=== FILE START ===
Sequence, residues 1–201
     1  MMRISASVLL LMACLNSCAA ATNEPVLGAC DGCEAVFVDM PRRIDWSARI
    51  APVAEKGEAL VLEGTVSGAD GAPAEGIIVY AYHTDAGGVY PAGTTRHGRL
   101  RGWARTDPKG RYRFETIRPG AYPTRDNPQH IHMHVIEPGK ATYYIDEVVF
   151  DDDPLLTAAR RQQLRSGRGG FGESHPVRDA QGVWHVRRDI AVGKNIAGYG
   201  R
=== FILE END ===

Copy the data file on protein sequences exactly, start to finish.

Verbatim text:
Sequence, residues 1–201
     1  MMRISASVLL LMACLNSCAA ATNEPVLGAC DGCEAVFVDM PRRIDWSARI
    51  APVAEKGEAL VLEGTVSGAD GAPAEGIIVY AYHTDAGGVY PAGTTRHGRL
   101  RGWARTDPKG RYRFETIRPG AYPTRDNPQH IHMHVIEPGK ATYYIDEVVF
   151  DDDPLLTAAR RQQLRSGRGG FGESHPVRDA QGVWHVRRDI AVGKNIAGYG
   201  R